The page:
James Joyce


Born in Dublin on 2nd February, 1882, James Augustine Aloysius Joyce was to become one of the most revered writers of the 20th century. The eldest of ten children, Joyce displayed a rare intelligence and a gift for writing from an early age. He even taught himself Norwegian so he could read Ibsen’s plays in the language they’d been written, and continued to learn as many languages as he could afterward.

Despite a lack of money, due to his father’s drinking, Joyce’s family pushed him to get an education. He eventually studied modern languages at University College Dublin. After graduating, Joyce started a new life in Paris where he intended to study medicine. Sadly his dreams were cut short as his mother became ill, and he returned to Ireland.

After the death of his mother in 1903, Joyce stayed in Ireland for a while, meeting Nora Barnacle, a hotel chambermaid from Galway who became his wife. He had his first short story published in the Irish Homestead magazine, before moving to Croatia in 1904. While he was there, Joyce taught English and learned Italian, one of 17 languages he could speak by then.
While working, Joyce continued to write. In 1914 he published Dubliners, a collection of 15 short stories, and in 1916 he published his first novel, Portrait of the Artist as a Young Man. Shortly afterwards, Joyce began the book which was to become his signature work: Ulysses.

Ulysses recounts a single day in Dublin: June 16, 1904, the same day that Joyce and his wife met. The novel follows the story of three central characters, Stephen Dedalus, Leopold Bloom, a Jewish advertising canvasser, and his wife Molly Bloom. However, it is also a modern retelling of Homer’s Odyssey, with the three main characters serving as modern versions of Telemachus, Ulysses, and Penelope. The content of the book did not meet with universal approval, though. Such was the level of adult material within Ulysses, it was banned for several years after it was published in France. In the USA the Post Office even confiscated issues of any magazines that had published previous works by Joyce. This negative press only went to increase interest in the novel however, and American and British readers still tried to get hold of the work. In 1934, the case of Ulysses went to court in the USA, and the judge declared that it was not pornographic. Finally, by 1936 the book was readily available again.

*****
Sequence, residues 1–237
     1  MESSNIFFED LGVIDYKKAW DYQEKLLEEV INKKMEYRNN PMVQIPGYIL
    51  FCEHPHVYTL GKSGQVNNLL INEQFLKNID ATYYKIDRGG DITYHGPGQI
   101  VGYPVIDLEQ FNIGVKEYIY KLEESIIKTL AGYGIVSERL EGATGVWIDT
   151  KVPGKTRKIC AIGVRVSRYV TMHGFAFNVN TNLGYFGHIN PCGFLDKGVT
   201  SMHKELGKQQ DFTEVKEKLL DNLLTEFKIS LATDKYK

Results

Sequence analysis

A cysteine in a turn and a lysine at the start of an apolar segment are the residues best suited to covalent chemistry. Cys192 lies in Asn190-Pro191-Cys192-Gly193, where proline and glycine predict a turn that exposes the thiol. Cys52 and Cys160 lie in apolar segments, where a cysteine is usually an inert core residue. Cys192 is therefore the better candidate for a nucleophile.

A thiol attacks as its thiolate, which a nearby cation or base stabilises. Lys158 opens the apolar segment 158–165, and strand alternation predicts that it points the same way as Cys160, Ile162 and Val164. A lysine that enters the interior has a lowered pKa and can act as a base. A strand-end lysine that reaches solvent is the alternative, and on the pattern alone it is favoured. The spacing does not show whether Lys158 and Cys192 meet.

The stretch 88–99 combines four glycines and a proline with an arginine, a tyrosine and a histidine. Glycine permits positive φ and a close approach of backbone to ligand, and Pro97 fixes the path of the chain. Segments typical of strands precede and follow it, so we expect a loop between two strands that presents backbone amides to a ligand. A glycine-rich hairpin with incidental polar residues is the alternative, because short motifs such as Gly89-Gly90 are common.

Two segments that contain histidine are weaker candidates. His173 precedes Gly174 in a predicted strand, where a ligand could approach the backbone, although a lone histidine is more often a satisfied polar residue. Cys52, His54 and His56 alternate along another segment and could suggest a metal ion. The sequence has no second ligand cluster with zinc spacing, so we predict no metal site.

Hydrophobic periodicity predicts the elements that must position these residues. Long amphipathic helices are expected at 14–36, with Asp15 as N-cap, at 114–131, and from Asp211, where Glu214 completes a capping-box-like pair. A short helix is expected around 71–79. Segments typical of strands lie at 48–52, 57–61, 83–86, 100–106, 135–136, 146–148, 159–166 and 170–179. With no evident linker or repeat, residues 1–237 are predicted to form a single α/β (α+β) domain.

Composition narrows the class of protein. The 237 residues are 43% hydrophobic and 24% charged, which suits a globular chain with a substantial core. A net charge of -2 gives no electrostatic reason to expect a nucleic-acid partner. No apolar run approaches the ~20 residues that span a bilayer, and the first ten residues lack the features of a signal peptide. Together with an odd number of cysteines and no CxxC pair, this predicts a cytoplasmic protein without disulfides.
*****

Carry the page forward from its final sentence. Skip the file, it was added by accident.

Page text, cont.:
Plagued by health issues and poor sight, it wasn’t until 1939 that Joyce published the long awaited follow up novel, Finnegans Wake. The coming of the Second World War forced Joyce to move family away from France to Zurich. It was here, in January 1941, that James Joyce died, after an intestinal operation, at the age of 59, leaving behind him a series of stories that would be held up as examples of literary excellence for the next century and beyond.

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Dr Kathryn Bates is a graduate of archaeology and history. She has excavated across the world as an archaeologist, and tutored medieval history at Leicester University. She joined the administrative team at Oxford Open Learning twelve years ago. Alongside her distance learning work, Dr Bates is a bestselling novelist, and an itinerant creative writing tutor for primary school children.

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